Blair: We're centre party now
Friday 12 April 1996
The Labour leader, in a speech in New York, staked Labour's claim to the centre ground but said he was ready to move to the right if necessary. Promising "radical solutions", Mr Blair said: "If at times they cross left-right boundaries, so be it. And so what."
He added: "I am a radical. I believe the centre can be fertile ground for radical politics. The extremes whether of left or right simply will not meet the real challenge. A modern party to be successful . . . must be in the centre, speaking for the mainstream majority."
His defiance of Labour's traditional left wing will please his supporters, but could provoke rebellion from the left who believe he has gone too far to woo Conservative voters. Rejecting the criticism of his left wing, Mr Blair said it was often "fatuously" claimed that to change the party was to sacrifice principle or betray history. "
He told the Anglo-American Chamber of Commerce: "We need a new radical centre in modern politics that can answer the competitive challenge whilst enhancing social stability and cohesion. And today's Labour party, New Labour, is a party of the centre as well as the centre-left."
Last night "One Nation" Tory MPs warned him off their ground. "He is prepared to do anything for power," said Tim Rathbone, the MP for Lewes.
Blair's speech was billed as an attempt to reassure international investors that Britain under a Labour Government would be a safe bet. But his key message to the sceptical Tory voters was that a government under his leadership would not impose punitive rates of tax.
He said police, school teachers and middle managers were hardly rich, but they all paid tax at the top rate of 40p in the pound. That may have implied that those on modest incomes would not face higher taxes under Labour, but Mr Blair refused to give any figures.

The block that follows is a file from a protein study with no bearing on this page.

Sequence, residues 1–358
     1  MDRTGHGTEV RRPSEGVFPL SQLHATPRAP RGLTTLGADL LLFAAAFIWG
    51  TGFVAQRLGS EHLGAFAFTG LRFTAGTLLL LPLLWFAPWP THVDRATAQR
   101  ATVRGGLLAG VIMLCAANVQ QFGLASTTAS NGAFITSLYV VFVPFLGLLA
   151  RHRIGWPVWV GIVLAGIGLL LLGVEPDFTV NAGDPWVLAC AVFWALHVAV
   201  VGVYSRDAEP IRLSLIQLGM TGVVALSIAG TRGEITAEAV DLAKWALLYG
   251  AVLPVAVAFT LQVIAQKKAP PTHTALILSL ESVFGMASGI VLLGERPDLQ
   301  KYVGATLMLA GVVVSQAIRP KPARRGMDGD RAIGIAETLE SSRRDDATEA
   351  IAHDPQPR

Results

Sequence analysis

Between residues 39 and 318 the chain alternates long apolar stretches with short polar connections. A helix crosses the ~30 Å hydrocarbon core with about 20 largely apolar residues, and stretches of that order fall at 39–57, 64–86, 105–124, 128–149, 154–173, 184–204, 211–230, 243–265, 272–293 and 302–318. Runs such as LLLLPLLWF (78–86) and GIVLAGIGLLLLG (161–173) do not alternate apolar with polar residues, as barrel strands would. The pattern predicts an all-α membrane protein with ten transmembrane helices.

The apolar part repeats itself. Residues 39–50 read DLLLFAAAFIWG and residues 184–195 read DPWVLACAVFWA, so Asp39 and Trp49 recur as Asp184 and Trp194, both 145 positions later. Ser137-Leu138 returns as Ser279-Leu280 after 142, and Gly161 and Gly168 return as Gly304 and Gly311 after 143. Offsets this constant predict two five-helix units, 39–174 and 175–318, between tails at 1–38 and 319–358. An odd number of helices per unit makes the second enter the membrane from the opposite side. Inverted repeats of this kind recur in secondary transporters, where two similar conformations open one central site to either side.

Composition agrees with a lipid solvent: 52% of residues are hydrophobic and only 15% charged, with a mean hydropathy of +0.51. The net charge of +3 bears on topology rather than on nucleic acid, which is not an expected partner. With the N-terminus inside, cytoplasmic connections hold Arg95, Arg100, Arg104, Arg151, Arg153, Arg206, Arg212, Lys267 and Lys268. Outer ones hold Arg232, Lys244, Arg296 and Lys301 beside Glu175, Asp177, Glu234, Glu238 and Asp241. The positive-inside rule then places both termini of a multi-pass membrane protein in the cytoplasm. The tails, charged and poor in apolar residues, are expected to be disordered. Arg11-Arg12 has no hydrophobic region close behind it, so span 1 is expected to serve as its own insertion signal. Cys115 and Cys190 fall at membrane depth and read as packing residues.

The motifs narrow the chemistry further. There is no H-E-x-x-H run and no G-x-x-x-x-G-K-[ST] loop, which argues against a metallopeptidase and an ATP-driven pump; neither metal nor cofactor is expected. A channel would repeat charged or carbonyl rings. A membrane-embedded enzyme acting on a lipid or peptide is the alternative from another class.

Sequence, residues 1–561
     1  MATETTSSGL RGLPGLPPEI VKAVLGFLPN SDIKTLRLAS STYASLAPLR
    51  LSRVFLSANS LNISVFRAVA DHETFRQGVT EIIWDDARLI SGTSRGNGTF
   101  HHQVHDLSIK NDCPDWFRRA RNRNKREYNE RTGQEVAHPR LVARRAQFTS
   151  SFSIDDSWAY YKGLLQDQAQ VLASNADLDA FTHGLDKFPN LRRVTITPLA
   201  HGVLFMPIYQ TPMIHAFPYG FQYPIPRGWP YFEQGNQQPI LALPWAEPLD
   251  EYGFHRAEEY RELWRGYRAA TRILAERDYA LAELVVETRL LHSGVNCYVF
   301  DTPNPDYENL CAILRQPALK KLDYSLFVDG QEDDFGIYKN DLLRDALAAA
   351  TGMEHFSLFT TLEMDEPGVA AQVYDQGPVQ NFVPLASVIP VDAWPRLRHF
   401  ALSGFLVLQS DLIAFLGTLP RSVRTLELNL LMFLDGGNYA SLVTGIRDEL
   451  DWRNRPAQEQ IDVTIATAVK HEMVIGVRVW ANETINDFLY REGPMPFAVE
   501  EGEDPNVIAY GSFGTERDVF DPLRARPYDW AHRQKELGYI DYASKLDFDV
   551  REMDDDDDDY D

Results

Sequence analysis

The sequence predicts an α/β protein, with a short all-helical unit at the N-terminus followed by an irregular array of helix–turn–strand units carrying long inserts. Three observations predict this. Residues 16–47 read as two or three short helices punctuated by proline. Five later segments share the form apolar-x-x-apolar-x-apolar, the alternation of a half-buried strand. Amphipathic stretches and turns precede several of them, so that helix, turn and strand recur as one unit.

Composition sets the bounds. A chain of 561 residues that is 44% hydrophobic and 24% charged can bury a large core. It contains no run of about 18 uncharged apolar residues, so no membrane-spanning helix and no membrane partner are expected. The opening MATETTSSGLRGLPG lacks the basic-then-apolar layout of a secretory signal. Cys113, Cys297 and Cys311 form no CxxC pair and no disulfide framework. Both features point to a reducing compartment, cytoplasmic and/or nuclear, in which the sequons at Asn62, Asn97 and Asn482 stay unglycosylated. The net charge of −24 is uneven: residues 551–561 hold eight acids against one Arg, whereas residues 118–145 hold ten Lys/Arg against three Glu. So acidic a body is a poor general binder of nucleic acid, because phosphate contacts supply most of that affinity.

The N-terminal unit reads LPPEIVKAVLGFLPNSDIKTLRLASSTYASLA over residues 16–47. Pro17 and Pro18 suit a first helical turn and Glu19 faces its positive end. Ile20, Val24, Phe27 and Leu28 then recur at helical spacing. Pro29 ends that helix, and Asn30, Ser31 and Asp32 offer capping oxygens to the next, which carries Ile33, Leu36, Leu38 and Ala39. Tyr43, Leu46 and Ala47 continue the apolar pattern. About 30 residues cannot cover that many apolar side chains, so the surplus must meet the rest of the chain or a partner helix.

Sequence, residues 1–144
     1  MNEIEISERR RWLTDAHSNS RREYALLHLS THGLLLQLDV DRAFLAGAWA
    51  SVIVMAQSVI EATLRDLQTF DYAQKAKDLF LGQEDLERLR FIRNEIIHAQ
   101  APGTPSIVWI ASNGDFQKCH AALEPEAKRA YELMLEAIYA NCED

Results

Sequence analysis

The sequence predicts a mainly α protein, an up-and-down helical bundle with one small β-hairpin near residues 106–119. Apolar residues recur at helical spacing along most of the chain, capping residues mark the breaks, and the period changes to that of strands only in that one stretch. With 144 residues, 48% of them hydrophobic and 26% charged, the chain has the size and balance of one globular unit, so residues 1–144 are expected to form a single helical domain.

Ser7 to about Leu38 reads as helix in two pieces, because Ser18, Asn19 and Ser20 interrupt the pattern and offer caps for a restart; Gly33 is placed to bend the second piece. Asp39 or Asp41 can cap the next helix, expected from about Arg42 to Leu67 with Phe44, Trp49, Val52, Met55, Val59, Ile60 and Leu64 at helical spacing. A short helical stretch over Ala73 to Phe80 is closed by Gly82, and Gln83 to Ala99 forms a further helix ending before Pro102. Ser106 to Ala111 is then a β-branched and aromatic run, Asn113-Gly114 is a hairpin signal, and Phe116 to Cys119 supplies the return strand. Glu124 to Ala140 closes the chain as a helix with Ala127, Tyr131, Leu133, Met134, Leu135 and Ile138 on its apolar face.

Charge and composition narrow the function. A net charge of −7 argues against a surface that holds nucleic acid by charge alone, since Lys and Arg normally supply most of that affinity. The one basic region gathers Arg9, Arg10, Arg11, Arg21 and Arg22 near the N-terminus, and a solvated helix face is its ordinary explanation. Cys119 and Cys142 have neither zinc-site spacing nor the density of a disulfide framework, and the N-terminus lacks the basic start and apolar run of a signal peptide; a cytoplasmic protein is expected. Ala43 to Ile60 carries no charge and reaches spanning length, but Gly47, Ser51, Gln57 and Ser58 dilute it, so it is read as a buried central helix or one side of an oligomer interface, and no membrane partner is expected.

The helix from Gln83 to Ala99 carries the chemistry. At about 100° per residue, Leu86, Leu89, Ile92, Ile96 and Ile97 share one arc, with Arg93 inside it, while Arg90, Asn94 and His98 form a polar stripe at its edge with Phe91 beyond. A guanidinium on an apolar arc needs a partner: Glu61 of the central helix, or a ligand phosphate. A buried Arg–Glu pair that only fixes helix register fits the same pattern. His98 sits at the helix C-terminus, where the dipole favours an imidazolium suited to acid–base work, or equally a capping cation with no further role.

Labour "spin doctors" were anxious to deny reports from journalists on his plane to New York that he had privately said that he would not increase taxes for anyone earning less than pounds 40,000. Mr Blair stressed that no figures would be given by Gordo n Brown, the Shadow Chancellor, until the election. On Wednesday Mr Brown refused to be drawn on whether Labour would introduce a top rate of tax at earnings of pounds 60,000. Mr Blair said Labour's priority in Government should be to lower taxes at the bottom end and reduce the high marginal tax rates of millions of working people. "This should not be seen as a desire to punish those at the top," he said. John Major derided Mr Blair's attempt to bury his party's tax and spend image, warning on a constituency visit to Cambridgeshire to that Labour and higher taxes went together "like strawberries and cream". Alan Simpson, secretary of the left-wing Campaign Group of Labour MPs, stressed the need to restore a higher tax band for top earners to pay for improved public services. "Utopia is not a land with no taxation," he said.
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